Videos by Snooky Pryor
Broke Hungry Ragged Dirty Too
How You Learn To Shake It Like That
It Hurts Me Too
Slow Down Mama
Snooky Pryor (September 15, 1921 – October 18, 2006) was an American blues harp player. He claimed to have pioneered the now-common method of playing amplified harmonica by cupping a small microphone in his hands along with the harmonica, although on his earliest records in the late 1940s and early '50s he did not utilize this method.
James Edward Pryor was born in Lambert, Mississippi and developed a Delta blues style influenced by both Sonny Boy Williamson I and Sonny Boy Williamson II. He moved to Chicago around 1940.
While serving in the U.S. Army he would blow bugle calls through the powerful PA system, which led him to experiment with playing the harmonica that way. Upon discharge from the Army in 1945, he obtained his own amplifier, and began playing harmonica at the outdoor Maxwell Street market, becoming a regular in the Chicago blues scene.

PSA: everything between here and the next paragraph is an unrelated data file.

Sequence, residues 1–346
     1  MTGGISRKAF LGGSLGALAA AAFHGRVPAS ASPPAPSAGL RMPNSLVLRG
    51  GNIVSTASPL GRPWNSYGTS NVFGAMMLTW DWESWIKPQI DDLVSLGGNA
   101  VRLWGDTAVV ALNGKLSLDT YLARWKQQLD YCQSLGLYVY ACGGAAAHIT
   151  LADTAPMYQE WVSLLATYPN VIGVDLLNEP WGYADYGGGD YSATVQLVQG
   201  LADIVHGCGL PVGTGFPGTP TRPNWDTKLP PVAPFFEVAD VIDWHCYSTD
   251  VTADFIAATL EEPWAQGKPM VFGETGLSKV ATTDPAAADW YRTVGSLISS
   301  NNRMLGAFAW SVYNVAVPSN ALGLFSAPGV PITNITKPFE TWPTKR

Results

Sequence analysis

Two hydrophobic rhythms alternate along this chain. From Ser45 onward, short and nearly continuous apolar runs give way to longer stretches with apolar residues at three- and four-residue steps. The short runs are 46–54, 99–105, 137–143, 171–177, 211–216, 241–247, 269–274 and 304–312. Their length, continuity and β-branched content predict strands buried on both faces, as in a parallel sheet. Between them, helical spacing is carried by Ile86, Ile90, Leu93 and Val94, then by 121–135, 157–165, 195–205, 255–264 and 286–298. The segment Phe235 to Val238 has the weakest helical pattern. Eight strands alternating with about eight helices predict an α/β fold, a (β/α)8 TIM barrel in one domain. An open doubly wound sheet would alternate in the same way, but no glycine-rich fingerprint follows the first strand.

Pryor recorded some of the first postwar Chicago blues records in 1948, including "Telephone Blues" and "Snooky & Moody's Boogie" with guitarist Moody Jones, and "Stockyard Blues" and "Keep What You Got" with singer/guitarist Floyd Jones. "Snooky & Moody's Boogie" is of considerable historical significance: Pryor claimed that harmonica ace Little Walter directly copied the signature riff of Pryor's song into the opening eight bars of his own blues harmonica instrumental, "Juke," an R&B hit in 1952. In 1967, Pryor moved south to Ullin, Illinois. He quit music for carpentry in the late 1960s but was persuaded to make a comeback. After he dropped out of sight, Pryor was later re-discovered and resumed periodic recording until his death in nearby Cape Girardeau, Missouri at the age of 85.
In January 1973 he appeared with the American Blues Legends tour which played throughout Europe, alongside Homesick James. Whilst on this tour they recorded an album in London, Homesick James & Snooky Pryor, on Jim Simpson's label Big Bear Records.
Some of his better known songs include "Judgement Day" (1956), and "Crazy 'Bout My Baby" from Snooky (1989), "How'd You Learn to Shake It Like That" from Tenth Anniversary Anthology (1989) and "Shake My Hand" (1999).
Wikipedia contributors. "Snooky Pryor." Wikipedia, The Free Encyclopedia. Wikipedia, The Free Encyclopedia, 14 Dec. 2010. Web. 2 Jan. 2011.
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